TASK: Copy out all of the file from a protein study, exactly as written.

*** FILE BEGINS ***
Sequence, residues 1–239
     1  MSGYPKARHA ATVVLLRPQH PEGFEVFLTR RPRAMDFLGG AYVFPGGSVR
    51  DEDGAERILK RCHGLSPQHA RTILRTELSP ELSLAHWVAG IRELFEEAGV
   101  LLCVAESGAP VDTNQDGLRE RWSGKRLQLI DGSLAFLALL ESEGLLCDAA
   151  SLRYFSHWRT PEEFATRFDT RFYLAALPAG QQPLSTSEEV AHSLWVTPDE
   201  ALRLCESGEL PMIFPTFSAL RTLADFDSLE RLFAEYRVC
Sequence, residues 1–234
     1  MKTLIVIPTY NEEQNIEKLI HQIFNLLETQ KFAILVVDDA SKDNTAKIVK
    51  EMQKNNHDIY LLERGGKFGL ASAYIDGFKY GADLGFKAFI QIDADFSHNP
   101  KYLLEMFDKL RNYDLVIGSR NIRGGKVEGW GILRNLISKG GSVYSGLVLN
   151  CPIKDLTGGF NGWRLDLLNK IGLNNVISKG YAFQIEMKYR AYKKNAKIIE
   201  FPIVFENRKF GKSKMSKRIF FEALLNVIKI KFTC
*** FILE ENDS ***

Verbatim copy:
Sequence, residues 1–239
     1  MSGYPKARHA ATVVLLRPQH PEGFEVFLTR RPRAMDFLGG AYVFPGGSVR
    51  DEDGAERILK RCHGLSPQHA RTILRTELSP ELSLAHWVAG IRELFEEAGV
   101  LLCVAESGAP VDTNQDGLRE RWSGKRLQLI DGSLAFLALL ESEGLLCDAA
   151  SLRYFSHWRT PEEFATRFDT RFYLAALPAG QQPLSTSEEV AHSLWVTPDE
   201  ALRLCESGEL PMIFPTFSAL RTLADFDSLE RLFAEYRVC
Sequence, residues 1–234
     1  MKTLIVIPTY NEEQNIEKLI HQIFNLLETQ KFAILVVDDA SKDNTAKIVK
    51  EMQKNNHDIY LLERGGKFGL ASAYIDGFKY GADLGFKAFI QIDADFSHNP
   101  KYLLEMFDKL RNYDLVIGSR NIRGGKVEGW GILRNLISKG GSVYSGLVLN
   151  CPIKDLTGGF NGWRLDLLNK IGLNNVISKG YAFQIEMKYR AYKKNAKIIE
   201  FPIVFENRKF GKSKMSKRIF FEALLNVIKI KFTC